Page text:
I learned today a little bit more about the new hours of service rules that will go into effect on July 1, 2013. Learned by reading about them in trucking publications.
Diane and I woke up this morning in our Florida vacation house where we plan to stay until mid-February. Today was the same as most other days we have spent here; a nice vacation day.
Most people having anything to do with trucking know that new hours of service rules were recently announced and that most of them will not take effect until mid-2013. Because of the distant effective date, I have not paid close attention. I thought Diane and I would hear more about this at Landstar BCO Appreciation Days last week but company people there barely mentioned it. When they did, it was only to say that the rule makers will be sued (yet again) and the rules may very well change (yet again).
The trucking industry press has covered this topic in depth. There is one thing, however, that no one has mentioned; at least no one I have heard or read. That is the environmental impact of the new rules.
The new rules require truck drivers to take a 30 minute break during their work day. Non-truckers may not understand this but that is not good news for someone who gets paid by the mile, is frequently delayed by shipping and receiving departments, often gets delayed by traffic, commonly faces a challenge when finding a legal parking place large enough for a truck and is given a limited number of hours to work each day.
People have talked about the productivity aspect of this required break but not about air quality. Most truckers will take their legally required break in their trucks. They will run generators or idle their truck engines to remain safe with the doors locked and windows closed in a parked truck, and comfortable when outside temperatures necessitate use of the truck’s heater or air conditioner (which is almost always).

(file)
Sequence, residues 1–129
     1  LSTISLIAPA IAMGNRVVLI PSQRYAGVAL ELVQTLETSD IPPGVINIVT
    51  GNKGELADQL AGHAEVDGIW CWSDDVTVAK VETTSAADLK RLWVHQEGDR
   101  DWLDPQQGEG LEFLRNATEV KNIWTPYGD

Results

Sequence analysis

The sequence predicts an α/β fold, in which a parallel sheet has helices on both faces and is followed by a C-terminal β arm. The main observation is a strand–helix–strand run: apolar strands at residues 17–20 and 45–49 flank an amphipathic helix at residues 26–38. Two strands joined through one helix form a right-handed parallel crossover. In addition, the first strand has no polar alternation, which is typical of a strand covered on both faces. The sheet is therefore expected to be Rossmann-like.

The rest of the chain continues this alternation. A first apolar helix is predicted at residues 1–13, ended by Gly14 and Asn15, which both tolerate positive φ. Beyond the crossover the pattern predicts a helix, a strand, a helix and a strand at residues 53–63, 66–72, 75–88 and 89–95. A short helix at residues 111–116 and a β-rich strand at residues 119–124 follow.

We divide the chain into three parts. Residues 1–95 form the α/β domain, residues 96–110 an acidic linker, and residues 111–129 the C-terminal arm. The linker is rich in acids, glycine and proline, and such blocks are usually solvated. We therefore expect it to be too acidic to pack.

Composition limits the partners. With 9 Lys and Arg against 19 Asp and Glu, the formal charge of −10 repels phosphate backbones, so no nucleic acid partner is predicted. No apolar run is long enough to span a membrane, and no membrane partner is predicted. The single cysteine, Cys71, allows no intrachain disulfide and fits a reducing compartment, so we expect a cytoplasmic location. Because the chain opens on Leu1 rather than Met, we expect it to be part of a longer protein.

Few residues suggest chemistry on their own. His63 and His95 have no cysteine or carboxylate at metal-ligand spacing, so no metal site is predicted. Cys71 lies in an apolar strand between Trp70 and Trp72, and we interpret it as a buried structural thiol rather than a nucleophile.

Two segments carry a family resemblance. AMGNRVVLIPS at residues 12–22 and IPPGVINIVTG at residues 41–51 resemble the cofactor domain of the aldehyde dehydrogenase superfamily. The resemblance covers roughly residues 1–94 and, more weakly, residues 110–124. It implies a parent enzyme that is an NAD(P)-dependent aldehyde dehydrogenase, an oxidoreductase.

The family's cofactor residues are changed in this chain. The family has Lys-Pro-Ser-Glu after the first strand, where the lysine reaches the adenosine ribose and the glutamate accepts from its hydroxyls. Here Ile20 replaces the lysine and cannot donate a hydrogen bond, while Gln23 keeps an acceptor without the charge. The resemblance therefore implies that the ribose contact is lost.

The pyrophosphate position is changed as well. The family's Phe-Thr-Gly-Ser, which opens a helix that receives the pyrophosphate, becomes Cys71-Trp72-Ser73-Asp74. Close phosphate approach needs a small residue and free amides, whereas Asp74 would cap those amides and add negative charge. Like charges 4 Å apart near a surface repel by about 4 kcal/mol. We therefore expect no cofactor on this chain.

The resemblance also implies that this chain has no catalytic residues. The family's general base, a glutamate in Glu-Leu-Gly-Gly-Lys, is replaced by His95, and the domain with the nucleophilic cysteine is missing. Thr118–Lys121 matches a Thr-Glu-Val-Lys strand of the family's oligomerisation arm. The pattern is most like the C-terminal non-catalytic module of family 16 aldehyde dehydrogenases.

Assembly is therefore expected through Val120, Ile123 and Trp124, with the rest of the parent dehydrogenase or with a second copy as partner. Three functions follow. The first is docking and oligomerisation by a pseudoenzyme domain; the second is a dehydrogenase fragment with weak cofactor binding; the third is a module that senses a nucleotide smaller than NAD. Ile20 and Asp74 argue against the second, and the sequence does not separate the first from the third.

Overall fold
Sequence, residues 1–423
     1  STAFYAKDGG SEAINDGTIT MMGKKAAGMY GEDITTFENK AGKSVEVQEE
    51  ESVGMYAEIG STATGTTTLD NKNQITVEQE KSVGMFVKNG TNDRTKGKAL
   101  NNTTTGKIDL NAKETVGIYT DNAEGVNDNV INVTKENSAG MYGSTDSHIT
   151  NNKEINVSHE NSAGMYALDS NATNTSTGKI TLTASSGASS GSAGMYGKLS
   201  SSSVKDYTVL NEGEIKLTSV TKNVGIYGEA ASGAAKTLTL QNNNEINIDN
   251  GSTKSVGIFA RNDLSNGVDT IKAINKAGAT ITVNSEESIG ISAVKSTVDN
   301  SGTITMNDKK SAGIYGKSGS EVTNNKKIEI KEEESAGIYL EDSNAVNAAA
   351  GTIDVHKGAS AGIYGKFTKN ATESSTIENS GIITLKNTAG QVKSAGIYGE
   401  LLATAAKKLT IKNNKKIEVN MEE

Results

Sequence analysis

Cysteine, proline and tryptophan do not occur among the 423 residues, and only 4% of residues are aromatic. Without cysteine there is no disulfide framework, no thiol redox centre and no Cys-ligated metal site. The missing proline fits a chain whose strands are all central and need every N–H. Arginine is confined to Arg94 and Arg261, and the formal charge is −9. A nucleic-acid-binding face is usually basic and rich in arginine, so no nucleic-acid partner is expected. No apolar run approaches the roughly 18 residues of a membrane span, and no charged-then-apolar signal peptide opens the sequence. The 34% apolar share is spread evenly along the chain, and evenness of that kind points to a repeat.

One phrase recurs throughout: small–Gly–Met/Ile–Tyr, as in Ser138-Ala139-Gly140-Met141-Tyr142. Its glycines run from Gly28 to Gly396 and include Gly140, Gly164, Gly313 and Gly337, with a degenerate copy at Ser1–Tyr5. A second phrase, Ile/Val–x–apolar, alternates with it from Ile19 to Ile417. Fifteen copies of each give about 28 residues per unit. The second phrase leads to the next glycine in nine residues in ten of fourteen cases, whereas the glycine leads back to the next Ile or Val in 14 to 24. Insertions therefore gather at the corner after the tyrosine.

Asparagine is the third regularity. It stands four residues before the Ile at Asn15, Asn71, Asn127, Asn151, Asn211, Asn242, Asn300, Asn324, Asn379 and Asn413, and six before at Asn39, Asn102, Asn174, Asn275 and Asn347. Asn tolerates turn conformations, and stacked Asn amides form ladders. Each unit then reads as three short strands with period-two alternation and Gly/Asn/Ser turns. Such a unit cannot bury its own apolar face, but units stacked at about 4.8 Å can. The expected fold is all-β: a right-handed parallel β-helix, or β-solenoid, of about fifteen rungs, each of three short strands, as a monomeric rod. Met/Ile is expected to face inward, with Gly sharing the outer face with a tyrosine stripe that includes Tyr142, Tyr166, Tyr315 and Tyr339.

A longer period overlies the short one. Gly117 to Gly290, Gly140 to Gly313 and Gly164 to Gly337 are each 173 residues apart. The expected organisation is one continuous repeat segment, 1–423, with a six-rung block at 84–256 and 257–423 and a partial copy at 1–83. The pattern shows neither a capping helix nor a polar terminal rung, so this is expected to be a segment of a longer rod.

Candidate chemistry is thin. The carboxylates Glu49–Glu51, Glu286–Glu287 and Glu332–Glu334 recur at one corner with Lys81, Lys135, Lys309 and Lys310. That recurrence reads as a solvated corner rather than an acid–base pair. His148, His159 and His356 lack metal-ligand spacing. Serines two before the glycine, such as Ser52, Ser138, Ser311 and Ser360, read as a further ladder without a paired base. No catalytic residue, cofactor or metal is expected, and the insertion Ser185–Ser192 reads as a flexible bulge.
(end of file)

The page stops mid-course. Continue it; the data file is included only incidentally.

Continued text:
I have no way of knowing what amount of diesel engine emissions will be added to the atmosphere because all truckers are now required to take a 30 minute break, but I do know that hundreds of thousands, perhaps even millions, of drivers will run their diesel engines while doing so. Under the old rules such breaks were not mandated and were not taken to the extent they will be next year.
Some people are suggesting that the productivity decline may be significant enough to prompt carriers to add more trucks to their fleets so they can move the same amount of customer freight as before in the same amount of time. If that happens, there will be more trucks on the road, burning more fuel to move the same amount of freight.
Even without such an addition of trucks, most drivers will park and burn fuel 30 minutes a day, not because they are required to burn fuel but because they are required to park and they will burn fuel to stay safe and comfortable in their trucks.
The EPA claims to have improved air quality by regulating diesel engine manufacturers and operators. Harmful emissions coming out of truck exhaust pipes have been reduced because of legally required and very expensive engine add-ons. I’m wondering, to what extent do the new FMCSA regulations counteract the air quality effects of the EPA regulations?
In other words, is the FMCSA putting back into the air what the EPA is taking out?
Affected tractors are equipped with an automated Eaton UltraShift Plus or Eaton Advantage Transmission with right hand stalk shifter. In the affected trucks, the display on the instrument panel can indicate “N” when the shifter is set into “D” or “R,” causing the truck not to move.